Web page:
Art for Everyone?

Today we’re featuring a guest post from Carrie Ellen Brummer, an artist, teacher, learner, and dreamer who is writing a compelling book about… well, I’ll let her share the story.

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When I finished my presentation for my visual arts honors’ thesis, I cried my eyes out.  I was standing in front of all my professors and the 40 plus people who attended, with tears running down my cheeks.

Untitled by Bethany Edwards

“Don’t worry, this usually happens…   Nice shoes.”  My sculpture prof and his wife knowingly patted me on the back and wandered off to look at a peer’s paper installation.

Speaking about my art in front of that group is the most intimidated I have ever felt.  Art can be scary, even for artists!  Why?  The art world promotes and celebrates an elitist attitude that discourages most people from engaging with it.

I HATE IT.

The arts are a celebration of our cultural heritage, historical and social evolution, and ultimately the human spirit.  No other species creates, with awareness, like we do.  Yet, we live in a world where art is hidden away and set in intimidating environments, leaving the general populous scratching their heads.

We deserve more.

ARTspeak is an e-book born out of my frustration with the current art world.  It is for the art curious, the art insecure and anyone who supports the arts.  My goal with the book is to offer insight into the artistic process and teach strategies for interpreting and reading art.  In ARTspeak I share:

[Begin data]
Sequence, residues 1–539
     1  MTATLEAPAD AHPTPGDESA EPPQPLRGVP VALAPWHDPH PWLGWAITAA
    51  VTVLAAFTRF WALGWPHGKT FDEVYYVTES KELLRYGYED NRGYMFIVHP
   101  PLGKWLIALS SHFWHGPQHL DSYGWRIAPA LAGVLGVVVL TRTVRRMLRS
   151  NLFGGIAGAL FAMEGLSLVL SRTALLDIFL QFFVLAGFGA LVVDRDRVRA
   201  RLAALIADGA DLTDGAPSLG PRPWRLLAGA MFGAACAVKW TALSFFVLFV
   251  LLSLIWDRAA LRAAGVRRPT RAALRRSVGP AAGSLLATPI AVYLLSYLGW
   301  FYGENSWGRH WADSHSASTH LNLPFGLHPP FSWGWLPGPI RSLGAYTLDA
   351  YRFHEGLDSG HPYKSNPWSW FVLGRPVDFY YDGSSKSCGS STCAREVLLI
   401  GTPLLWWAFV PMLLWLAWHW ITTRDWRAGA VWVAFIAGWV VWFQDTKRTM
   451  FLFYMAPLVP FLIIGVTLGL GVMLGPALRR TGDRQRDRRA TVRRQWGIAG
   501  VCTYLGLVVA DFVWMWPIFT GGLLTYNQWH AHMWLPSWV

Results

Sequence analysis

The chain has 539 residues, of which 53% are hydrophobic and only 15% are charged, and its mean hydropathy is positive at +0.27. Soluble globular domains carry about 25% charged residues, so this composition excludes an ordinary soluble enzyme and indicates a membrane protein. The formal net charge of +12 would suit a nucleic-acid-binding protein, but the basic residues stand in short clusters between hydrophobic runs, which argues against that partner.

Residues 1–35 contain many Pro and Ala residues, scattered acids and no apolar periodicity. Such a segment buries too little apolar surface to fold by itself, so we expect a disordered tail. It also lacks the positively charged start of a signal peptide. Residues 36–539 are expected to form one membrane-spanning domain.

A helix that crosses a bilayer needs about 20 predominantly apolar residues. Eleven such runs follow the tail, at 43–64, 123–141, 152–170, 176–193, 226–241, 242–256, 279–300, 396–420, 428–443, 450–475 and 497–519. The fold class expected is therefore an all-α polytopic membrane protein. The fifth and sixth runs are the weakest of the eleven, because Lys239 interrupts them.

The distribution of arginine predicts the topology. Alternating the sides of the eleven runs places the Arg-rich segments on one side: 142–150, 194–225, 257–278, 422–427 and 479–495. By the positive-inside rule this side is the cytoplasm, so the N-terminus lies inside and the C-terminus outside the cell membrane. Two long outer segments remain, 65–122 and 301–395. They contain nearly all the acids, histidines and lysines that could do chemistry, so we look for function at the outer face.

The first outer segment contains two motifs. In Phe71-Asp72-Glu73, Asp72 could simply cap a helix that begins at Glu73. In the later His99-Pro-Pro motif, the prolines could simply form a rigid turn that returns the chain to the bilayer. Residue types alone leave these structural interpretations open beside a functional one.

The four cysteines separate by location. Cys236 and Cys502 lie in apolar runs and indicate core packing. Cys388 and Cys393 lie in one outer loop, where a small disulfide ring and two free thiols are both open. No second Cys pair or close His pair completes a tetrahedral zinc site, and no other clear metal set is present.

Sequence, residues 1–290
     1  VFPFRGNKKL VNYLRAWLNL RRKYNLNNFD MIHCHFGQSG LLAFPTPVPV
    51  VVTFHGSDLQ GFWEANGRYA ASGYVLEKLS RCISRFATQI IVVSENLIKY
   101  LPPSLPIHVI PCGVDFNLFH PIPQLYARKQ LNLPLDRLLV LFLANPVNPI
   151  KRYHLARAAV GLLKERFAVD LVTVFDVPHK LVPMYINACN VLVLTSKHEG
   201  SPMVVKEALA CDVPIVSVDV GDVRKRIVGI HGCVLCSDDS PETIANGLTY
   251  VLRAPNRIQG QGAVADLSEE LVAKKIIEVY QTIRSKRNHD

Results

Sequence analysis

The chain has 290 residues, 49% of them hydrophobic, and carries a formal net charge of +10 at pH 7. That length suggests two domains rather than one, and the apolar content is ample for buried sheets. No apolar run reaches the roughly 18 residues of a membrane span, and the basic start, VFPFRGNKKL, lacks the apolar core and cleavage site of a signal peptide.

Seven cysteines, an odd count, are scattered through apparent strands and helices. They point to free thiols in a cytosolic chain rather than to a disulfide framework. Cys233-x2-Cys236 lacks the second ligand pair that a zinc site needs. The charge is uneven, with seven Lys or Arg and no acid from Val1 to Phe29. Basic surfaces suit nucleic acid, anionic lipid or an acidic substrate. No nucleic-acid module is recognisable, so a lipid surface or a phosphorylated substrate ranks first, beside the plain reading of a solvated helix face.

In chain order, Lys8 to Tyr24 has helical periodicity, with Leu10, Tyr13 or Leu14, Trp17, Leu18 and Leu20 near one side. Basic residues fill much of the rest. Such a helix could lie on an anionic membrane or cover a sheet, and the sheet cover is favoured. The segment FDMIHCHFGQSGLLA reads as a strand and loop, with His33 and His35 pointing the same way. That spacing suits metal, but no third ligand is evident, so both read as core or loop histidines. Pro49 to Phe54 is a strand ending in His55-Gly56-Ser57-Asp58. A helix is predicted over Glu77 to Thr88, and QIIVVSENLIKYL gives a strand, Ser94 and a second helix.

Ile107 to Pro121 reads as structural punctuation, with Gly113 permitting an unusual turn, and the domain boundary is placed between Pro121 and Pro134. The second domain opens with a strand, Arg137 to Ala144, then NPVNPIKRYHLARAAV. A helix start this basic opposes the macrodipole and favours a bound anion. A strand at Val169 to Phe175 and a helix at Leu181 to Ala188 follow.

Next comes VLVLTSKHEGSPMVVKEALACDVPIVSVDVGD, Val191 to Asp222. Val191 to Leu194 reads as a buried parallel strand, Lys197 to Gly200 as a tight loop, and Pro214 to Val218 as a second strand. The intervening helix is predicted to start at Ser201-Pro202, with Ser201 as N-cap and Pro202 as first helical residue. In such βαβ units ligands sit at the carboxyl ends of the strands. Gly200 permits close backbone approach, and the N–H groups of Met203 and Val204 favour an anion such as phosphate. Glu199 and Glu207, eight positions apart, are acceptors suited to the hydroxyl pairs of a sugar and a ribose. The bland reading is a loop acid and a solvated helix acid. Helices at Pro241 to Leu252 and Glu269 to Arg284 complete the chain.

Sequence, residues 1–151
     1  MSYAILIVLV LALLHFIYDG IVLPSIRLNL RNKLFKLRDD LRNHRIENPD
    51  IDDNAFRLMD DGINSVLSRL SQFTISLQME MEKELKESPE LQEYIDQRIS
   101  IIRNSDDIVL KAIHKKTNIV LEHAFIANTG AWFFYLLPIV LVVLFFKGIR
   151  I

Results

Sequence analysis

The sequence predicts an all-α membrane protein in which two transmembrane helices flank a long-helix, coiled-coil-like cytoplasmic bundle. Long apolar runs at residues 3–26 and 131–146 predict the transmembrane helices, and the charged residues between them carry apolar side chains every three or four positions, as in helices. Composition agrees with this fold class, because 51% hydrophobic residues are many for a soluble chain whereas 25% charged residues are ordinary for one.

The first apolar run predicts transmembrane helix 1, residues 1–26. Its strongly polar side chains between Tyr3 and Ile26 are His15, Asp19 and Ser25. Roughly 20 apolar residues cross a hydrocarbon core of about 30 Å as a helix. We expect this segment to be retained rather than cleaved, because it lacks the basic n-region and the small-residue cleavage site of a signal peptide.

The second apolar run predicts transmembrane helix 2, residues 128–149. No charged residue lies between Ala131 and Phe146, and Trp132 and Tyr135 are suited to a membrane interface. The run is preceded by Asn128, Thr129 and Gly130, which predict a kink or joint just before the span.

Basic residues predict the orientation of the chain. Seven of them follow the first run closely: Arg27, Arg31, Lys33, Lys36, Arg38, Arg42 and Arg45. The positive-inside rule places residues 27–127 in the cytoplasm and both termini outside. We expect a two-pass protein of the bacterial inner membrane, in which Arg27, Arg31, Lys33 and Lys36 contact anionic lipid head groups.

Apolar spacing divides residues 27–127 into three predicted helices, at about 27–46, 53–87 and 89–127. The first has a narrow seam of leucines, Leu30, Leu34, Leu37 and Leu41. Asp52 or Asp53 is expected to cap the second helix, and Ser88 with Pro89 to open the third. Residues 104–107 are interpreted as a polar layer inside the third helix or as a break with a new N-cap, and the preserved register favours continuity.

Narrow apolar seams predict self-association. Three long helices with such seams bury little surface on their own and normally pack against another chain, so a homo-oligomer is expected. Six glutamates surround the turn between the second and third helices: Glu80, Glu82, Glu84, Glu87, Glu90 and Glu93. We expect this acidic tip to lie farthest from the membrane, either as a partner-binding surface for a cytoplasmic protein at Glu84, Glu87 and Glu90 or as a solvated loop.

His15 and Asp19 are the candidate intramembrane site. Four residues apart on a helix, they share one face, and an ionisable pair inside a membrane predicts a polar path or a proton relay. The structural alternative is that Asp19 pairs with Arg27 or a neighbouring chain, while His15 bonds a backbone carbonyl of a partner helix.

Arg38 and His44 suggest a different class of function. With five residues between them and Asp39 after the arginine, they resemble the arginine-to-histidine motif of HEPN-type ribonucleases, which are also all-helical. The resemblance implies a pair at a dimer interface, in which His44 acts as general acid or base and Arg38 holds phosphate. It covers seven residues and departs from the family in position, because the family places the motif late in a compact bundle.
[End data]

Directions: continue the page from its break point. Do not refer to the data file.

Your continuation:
1. The basic tool set of an artist.
  2. Examples of how to use the tools for reading and understanding art.
  3. Questions to ask when looking at an artwork.
  4. Further resources for art appreciation.

Abstract Cityscape by Sruthi Kainady

Art is a language just like any other and if you don’t have training or practice in a language, how can you engage with the culture?!?  Is it not interesting that as we develop into a more visual society with advertisements, movies and graphic novels in our everyday, we lack the tools to engage with those visuals?  Do you want to be a passive observer, taking in those images, or do you want to have a voice and active role in digesting the images around you?  We all have a reason for our opinions… it is time that we begin to understand why.

Sneak preview of the book’s introduction:

In my introductory art course at Colgate University, I had a professor who started with a dialogue asking us to define art.  He presented slides of all kinds of images and we were to guess whether the image presented showcased something already labeled “Art” or if it was “just” a photograph.  We went through slide after slide and people were shouting out yes, no, with some dialogue and argument in between.  At one point, we came to this image of a bike.  The tires, rather than the normal circular shape we all know, was hexagonal (not sure about the number of sides really).  It was toward the end of the class and we were all beginning to wear out.  A student laughed out loud and said, “Well, that is definitely not art.”

The professor paused, looked at all of us with a bemused smirk, and replied, “That is one of my pieces.”

I don’t want anyone else to feel the way that student did.  I felt my stomach sink into the floor on that day. I hope ARTspeak can be one way for people to build their confidence to speak about and engage with the arts.